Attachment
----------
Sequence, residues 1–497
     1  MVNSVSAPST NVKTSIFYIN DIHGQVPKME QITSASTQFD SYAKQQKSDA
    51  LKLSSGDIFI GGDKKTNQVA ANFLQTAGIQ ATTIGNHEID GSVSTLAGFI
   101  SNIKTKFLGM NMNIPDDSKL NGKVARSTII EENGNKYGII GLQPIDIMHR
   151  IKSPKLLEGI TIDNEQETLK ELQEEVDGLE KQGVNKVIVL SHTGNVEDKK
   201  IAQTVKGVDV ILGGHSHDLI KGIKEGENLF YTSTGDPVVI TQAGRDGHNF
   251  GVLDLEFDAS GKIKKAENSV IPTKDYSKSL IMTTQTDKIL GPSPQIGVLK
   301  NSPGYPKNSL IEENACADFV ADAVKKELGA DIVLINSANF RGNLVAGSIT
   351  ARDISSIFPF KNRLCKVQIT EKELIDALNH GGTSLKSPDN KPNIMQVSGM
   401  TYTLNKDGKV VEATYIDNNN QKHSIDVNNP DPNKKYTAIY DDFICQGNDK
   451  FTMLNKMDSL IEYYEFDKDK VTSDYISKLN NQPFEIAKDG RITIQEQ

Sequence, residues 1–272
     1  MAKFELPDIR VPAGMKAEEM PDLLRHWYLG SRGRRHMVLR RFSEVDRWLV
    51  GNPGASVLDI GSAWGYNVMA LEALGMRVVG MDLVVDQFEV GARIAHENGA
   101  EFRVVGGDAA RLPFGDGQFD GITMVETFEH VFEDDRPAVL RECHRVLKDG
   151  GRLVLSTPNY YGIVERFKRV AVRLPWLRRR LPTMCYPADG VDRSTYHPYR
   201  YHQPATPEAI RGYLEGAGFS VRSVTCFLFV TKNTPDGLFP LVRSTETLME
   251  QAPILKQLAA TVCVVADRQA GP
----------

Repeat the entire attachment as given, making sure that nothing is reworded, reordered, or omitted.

Sequence, residues 1–497
     1  MVNSVSAPST NVKTSIFYIN DIHGQVPKME QITSASTQFD SYAKQQKSDA
    51  LKLSSGDIFI GGDKKTNQVA ANFLQTAGIQ ATTIGNHEID GSVSTLAGFI
   101  SNIKTKFLGM NMNIPDDSKL NGKVARSTII EENGNKYGII GLQPIDIMHR
   151  IKSPKLLEGI TIDNEQETLK ELQEEVDGLE KQGVNKVIVL SHTGNVEDKK
   201  IAQTVKGVDV ILGGHSHDLI KGIKEGENLF YTSTGDPVVI TQAGRDGHNF
   251  GVLDLEFDAS GKIKKAENSV IPTKDYSKSL IMTTQTDKIL GPSPQIGVLK
   301  NSPGYPKNSL IEENACADFV ADAVKKELGA DIVLINSANF RGNLVAGSIT
   351  ARDISSIFPF KNRLCKVQIT EKELIDALNH GGTSLKSPDN KPNIMQVSGM
   401  TYTLNKDGKV VEATYIDNNN QKHSIDVNNP DPNKKYTAIY DDFICQGNDK
   451  FTMLNKMDSL IEYYEFDKDK VTSDYISKLN NQPFEIAKDG RITIQEQ

Sequence, residues 1–272
     1  MAKFELPDIR VPAGMKAEEM PDLLRHWYLG SRGRRHMVLR RFSEVDRWLV
    51  GNPGASVLDI GSAWGYNVMA LEALGMRVVG MDLVVDQFEV GARIAHENGA
   101  EFRVVGGDAA RLPFGDGQFD GITMVETFEH VFEDDRPAVL RECHRVLKDG
   151  GRLVLSTPNY YGIVERFKRV AVRLPWLRRR LPTMCYPADG VDRSTYHPYR
   201  YHQPATPEAI RGYLEGAGFS VRSVTCFLFV TKNTPDGLFP LVRSTETLME
   251  QAPILKQLAA TVCVVADRQA GP